hide You are viewing an archived web page collected at the request of University of Alberta using Archive-It. This page was captured on 16:03:35 Dec 08, 2010, and is part of the HCF Alberta Online Encyclopedia collection. The information on this web page may be out of date. See All versions of this archived page. Loading media information

Heritage Community Foundation Presents
Alberta Online Encyclopedia

Doors Open Alberta

Alberta Architecture

Inside Alberta\'s Legislative Building. Alberta, like other Canadian provinces, owes much of its building stock in small towns and large cities to boom times. Based on some economic activity or other (for example, farming, ranching, mining or manufacturing), communities seemed to develop overnight. The buildings housed both public and private activities and, while largely functional in design, also aspired to make a statement as to the social standing of the occupant. Early on, there was a strong sense of the need for public buildings and spaces that would suggest the kind of infrastructure that those community builders aspired to.

From the beginning, entrepreneurs came from eastern Canada, the United States and Europe and wished to recreate a Pittsburgh, Toronto, Minneapolis or other centre of commerce and manufacturing in the great plains. In fact, the write-ups in newspapers and promotional brochures sound surprisingly modern resembling the products of chambers of commerce or government promotional literature. Perhaps, the largeness of the territory lent itself to exaggeration.

R.F.M. McInnis amassed a large collection of grain elevator photos that represented about 200 Alberta communities as they used to appear. Later he used those images as models for his paintings. While the design elements for domestic and public buildings is largely derivative, there are some buildings that are icons of prairie architecture. Among these are the grain elevators-the so-called "sentinels of the prairies," discussed in Dorothy Field's Legacy article. While these were plentiful until about 10 years ago, with some communities having more than a dozen along the railway line, they are now endangered and their preservation is a challenge for local communities.

Artist R. F. M. McInnis, who lives near Nanton, has painted many of these buildings and authored an article titled Grain Elevators: An Endangered Species. Jane Ross, Curator of Western Canadian History at the Provincial Museum of Alberta undertook an inventory and developed an important exhibit at the Museum that addresses physical preservation issues.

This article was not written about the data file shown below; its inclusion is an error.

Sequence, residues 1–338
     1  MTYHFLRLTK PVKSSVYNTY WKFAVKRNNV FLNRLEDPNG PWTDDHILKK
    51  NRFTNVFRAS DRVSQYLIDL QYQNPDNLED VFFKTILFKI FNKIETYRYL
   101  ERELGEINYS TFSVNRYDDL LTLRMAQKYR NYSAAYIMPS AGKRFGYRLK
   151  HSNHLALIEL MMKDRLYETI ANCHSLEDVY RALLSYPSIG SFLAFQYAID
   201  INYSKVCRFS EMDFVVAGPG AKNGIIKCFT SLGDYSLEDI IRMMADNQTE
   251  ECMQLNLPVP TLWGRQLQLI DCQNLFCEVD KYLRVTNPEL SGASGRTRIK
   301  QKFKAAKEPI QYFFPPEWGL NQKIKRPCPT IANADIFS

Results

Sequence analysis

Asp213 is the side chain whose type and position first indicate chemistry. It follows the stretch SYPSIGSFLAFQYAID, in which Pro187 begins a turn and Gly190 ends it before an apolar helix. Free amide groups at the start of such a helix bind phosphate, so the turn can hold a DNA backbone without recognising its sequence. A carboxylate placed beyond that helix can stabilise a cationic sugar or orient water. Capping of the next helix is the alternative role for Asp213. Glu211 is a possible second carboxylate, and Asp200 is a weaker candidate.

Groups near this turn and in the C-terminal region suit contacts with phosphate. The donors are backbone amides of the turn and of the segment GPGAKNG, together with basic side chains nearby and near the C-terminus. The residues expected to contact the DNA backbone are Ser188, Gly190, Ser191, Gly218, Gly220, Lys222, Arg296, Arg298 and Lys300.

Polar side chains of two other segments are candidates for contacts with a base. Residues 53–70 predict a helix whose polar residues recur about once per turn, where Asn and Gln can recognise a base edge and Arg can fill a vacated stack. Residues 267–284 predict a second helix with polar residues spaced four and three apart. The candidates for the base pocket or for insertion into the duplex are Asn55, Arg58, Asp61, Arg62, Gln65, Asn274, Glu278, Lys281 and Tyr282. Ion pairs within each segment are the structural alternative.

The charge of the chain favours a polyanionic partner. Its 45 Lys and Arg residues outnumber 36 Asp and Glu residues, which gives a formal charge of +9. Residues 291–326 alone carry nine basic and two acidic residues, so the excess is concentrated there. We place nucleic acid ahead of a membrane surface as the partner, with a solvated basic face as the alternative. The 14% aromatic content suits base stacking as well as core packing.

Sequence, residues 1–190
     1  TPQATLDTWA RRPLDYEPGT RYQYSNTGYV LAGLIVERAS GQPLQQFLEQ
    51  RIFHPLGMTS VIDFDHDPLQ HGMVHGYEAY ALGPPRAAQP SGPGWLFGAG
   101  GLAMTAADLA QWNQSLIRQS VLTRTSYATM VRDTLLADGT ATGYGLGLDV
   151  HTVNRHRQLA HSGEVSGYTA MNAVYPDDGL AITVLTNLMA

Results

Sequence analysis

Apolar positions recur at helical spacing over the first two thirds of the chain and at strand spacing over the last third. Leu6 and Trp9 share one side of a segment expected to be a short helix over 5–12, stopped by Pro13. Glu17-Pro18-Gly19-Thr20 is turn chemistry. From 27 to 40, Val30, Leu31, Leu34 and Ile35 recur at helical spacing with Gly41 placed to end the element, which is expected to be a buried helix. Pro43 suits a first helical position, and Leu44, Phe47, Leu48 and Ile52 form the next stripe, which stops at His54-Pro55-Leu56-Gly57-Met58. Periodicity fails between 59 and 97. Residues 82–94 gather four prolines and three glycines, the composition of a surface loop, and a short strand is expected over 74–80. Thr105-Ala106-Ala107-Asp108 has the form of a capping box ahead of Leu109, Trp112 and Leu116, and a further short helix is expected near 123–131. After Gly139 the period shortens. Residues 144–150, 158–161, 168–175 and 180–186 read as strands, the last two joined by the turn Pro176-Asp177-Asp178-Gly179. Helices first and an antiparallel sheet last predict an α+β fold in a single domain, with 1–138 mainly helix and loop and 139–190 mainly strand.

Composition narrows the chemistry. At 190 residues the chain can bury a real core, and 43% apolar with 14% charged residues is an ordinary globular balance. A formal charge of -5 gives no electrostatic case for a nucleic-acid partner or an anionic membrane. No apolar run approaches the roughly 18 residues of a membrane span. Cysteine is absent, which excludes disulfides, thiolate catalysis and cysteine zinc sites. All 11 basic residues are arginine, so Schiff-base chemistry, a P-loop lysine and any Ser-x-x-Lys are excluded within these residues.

The preservation of historic structures remains an enormous challenge-not all can or should be preserved as museums or historic sites. Finding appropriate uses for historic structures is challenging but well worth the effort. When this has been done in combination with arts and cultural programming, the community benefits and these are generally locations for cultural tourism.

Historic Gardens Bloom Again at Ukrainian Village. Historic buildings service as grace notes in cities and towns lending them that special sense of place that suggests that a community has been there for years. The Government of Alberta's Main Street Programme has done a great deal to nurture preservation efforts at the community level. Various organizations at the local level have taken on this mandate, for example, the Old Strathcona Foundation in Edmonton.

Sometimes new buildings can have historic facades to fit in with heritage streetscapes. Or, in some instances, a totally new building can replicate a historic building that was destroyed. The Fort Edmonton Foundation to address its need for a facility for hosting major events built the Hotel Selkirk and Maclab Enterprises Inc. operates it as a full-service hotel.

The Alberta Online EncyclopediaHeritage Community FoundationTravel Alberta CanadaTravel Alberta Canada